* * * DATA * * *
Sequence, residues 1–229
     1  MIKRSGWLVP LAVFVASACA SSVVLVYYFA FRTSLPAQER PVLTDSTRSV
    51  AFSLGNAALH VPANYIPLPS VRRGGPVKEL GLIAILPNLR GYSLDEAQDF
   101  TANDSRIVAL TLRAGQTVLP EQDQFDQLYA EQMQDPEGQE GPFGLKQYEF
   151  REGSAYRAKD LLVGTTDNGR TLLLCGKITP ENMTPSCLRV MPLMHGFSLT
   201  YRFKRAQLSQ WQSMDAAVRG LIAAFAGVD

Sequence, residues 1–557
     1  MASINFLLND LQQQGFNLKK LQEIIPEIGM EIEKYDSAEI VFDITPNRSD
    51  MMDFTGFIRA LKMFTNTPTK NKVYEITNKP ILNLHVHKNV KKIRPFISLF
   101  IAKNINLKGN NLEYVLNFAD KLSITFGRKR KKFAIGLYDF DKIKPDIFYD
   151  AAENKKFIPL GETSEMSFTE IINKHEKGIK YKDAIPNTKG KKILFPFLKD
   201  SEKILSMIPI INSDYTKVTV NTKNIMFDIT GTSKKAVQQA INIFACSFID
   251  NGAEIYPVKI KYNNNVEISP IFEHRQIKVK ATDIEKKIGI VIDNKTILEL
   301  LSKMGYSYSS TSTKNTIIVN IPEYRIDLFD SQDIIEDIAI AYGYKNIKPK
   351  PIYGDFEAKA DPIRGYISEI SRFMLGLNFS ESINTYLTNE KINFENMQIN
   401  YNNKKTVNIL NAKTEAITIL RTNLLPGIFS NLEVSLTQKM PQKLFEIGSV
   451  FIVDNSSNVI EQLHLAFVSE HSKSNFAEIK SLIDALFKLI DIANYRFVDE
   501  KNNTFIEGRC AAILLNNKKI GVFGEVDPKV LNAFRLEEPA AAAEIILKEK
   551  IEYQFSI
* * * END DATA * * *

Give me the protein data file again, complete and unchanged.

Sequence, residues 1–229
     1  MIKRSGWLVP LAVFVASACA SSVVLVYYFA FRTSLPAQER PVLTDSTRSV
    51  AFSLGNAALH VPANYIPLPS VRRGGPVKEL GLIAILPNLR GYSLDEAQDF
   101  TANDSRIVAL TLRAGQTVLP EQDQFDQLYA EQMQDPEGQE GPFGLKQYEF
   151  REGSAYRAKD LLVGTTDNGR TLLLCGKITP ENMTPSCLRV MPLMHGFSLT
   201  YRFKRAQLSQ WQSMDAAVRG LIAAFAGVD

Sequence, residues 1–557
     1  MASINFLLND LQQQGFNLKK LQEIIPEIGM EIEKYDSAEI VFDITPNRSD
    51  MMDFTGFIRA LKMFTNTPTK NKVYEITNKP ILNLHVHKNV KKIRPFISLF
   101  IAKNINLKGN NLEYVLNFAD KLSITFGRKR KKFAIGLYDF DKIKPDIFYD
   151  AAENKKFIPL GETSEMSFTE IINKHEKGIK YKDAIPNTKG KKILFPFLKD
   201  SEKILSMIPI INSDYTKVTV NTKNIMFDIT GTSKKAVQQA INIFACSFID
   251  NGAEIYPVKI KYNNNVEISP IFEHRQIKVK ATDIEKKIGI VIDNKTILEL
   301  LSKMGYSYSS TSTKNTIIVN IPEYRIDLFD SQDIIEDIAI AYGYKNIKPK
   351  PIYGDFEAKA DPIRGYISEI SRFMLGLNFS ESINTYLTNE KINFENMQIN
   401  YNNKKTVNIL NAKTEAITIL RTNLLPGIFS NLEVSLTQKM PQKLFEIGSV
   451  FIVDNSSNVI EQLHLAFVSE HSKSNFAEIK SLIDALFKLI DIANYRFVDE
   501  KNNTFIEGRC AAILLNNKKI GVFGEVDPKV LNAFRLEEPA AAAEIILKEK
   551  IEYQFSI